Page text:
The most influential people in Sport

The next bloc produced the important narratives that sit on bookshelves and in libraries as a ready reference. It includes the official biographies and curriculum vitae, and author Jacqueline Kent’s book The Making of Julia Gillard. Its penetration is limited to the number of people who have bought or borrowed the book, perhaps measured in the tens of thousands. It is supposed to stand the test of time as a reliable document of truth.

The third bloc is the blogosphere with its a mish-mash of websites. Some can be fair and informative, others are vile and malicious in their recycling of unattributed innuendo without regard for defamation, public interest and balance. It is difficult to know how many read them, or how widely the email links are distributed, but when viral, the hits will be enormous.

The fourth bloc with a stake in the sum of knowledge about the conduct of Gillard when she was a salaried partner in a prominent Melbourne law firm is made up of those directly in the know. These are the true insiders who were there at Slater & Gordon at the time, in 1995, and involved in significant events that have long been concealed. They would number little more than a handful, not including those whom they have told in confidence.

One of those insiders, Nick Styant-Browne, lanced a boil last week. He made a decision to impart long-concealed information about the conduct of the Prime Minister. He determined that it was in the public interest for Australians who have a direct stake in the country’s leadership to know truths that have been tightly held by a handful of people since 1995. He asked The Weekend Australian and this journalist to help him impart this information. He did it in the midst of a raging, nasty internet campaign against Ms Gillard.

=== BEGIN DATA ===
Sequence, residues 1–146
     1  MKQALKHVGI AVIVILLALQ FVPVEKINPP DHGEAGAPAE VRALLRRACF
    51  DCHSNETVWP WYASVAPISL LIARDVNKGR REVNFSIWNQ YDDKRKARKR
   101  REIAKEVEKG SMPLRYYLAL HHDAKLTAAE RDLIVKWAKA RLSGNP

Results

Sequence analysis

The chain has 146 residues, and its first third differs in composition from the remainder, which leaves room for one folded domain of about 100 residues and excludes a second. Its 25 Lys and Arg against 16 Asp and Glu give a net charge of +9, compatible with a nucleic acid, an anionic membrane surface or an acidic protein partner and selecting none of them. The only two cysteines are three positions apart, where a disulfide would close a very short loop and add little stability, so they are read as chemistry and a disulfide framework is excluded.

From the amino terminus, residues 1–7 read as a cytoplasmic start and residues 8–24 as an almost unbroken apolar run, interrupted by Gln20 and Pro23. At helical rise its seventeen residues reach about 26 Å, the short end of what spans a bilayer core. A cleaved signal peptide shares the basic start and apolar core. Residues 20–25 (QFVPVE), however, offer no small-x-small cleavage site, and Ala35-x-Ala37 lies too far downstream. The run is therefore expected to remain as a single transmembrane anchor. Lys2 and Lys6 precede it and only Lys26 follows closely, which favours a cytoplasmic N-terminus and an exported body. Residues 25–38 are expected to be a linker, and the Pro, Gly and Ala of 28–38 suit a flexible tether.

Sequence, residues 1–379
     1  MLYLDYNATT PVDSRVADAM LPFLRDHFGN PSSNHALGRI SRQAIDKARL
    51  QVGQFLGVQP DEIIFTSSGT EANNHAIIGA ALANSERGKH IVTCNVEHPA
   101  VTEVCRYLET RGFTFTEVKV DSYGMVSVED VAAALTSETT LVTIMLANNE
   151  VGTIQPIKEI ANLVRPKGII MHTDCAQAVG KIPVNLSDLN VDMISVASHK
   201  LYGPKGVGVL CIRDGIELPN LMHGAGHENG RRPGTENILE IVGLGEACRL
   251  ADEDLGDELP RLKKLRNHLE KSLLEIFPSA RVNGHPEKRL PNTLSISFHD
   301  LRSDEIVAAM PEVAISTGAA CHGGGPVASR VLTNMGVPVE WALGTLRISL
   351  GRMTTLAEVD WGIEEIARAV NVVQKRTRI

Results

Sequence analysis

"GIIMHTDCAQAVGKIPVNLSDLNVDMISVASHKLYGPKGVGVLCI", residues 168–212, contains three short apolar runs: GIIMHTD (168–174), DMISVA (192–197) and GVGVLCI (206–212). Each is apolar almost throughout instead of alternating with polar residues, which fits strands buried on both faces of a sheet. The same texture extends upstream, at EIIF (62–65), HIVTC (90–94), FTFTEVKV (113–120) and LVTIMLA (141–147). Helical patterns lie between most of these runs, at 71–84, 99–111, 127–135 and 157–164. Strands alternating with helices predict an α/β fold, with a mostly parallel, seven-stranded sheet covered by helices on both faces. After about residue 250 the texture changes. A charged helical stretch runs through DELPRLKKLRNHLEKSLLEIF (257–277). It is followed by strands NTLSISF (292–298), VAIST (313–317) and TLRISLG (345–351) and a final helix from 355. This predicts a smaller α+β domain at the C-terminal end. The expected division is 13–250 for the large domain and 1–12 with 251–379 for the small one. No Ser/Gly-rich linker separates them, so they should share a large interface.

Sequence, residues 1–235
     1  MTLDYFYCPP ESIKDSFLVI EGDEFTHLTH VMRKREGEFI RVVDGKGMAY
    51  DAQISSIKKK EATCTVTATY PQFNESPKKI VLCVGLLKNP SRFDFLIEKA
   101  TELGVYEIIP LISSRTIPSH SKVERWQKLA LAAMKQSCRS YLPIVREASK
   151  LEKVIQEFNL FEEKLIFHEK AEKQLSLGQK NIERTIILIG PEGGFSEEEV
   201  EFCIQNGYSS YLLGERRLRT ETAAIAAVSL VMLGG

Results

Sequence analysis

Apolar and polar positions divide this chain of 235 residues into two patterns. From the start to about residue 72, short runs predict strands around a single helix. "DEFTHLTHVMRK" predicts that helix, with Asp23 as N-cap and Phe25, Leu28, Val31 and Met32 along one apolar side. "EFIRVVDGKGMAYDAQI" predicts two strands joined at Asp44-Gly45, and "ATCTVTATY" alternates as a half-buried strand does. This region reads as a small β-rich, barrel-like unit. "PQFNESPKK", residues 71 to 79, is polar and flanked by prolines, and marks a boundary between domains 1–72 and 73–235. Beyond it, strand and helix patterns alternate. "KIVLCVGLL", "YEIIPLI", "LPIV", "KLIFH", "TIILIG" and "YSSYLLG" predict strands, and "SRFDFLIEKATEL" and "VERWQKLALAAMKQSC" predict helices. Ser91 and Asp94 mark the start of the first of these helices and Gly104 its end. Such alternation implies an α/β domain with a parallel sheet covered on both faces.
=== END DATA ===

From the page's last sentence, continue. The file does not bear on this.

In his own careful, reserved statement, Styant-Browne, a former equity partner of Slater & Gordon who has been practising law in Seattle for the past decade, revealed astonishing facts from primary-source documents about Gillard. They were facts about which my mainstream media colleagues – the hundreds of journalists informing 20 million Australians – should have been inquisitive, and intensely interested in developing.

Styant-Browne’s disclosures in this newspaper last Saturday, were these. After an internal probe at the firm in 1995, Gillard left her job as a direct result of the controversial work she had done for her then boyfriend, a union boss accused of corruption. A tape-recorded interview was conducted; a transcript existed.

In it, Gillard could not categorically rule out that she had personally benefited from union funds in the renovation of her Melbourne home. Her partners “took a very serious view” of her conduct, particularly her failure to open a file on her legal work in establishing an incorporated association, which she admitted in the 1995 interview was a “slush fund” to raise money for union officials to contest elections. The association had a misleading name, the Australian Workers Union Workplace Reform Association, which meant nobody could have understood it was a “slush fund”. Because of her failure to open a file, the Slater & Gordon partnership did not know of its existence for three years, despite Gillard having set it up for her then boyfriend, Bruce Wilson, and his mate, bagman Ralph Blewitt, both of whom were AWU branch secretaries.